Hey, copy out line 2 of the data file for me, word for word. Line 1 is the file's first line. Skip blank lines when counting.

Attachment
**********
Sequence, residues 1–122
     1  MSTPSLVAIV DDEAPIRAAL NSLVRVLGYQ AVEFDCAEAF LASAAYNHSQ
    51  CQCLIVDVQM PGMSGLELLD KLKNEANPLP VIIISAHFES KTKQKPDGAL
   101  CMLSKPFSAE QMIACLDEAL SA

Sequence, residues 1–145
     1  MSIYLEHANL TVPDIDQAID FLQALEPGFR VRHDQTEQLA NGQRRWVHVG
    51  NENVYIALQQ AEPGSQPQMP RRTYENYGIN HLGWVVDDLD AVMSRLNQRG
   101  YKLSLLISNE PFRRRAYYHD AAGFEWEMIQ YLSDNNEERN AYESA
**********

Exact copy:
     1  MSTPSLVAIV DDEAPIRAAL NSLVRVLGYQ AVEFDCAEAF LASAAYNHSQ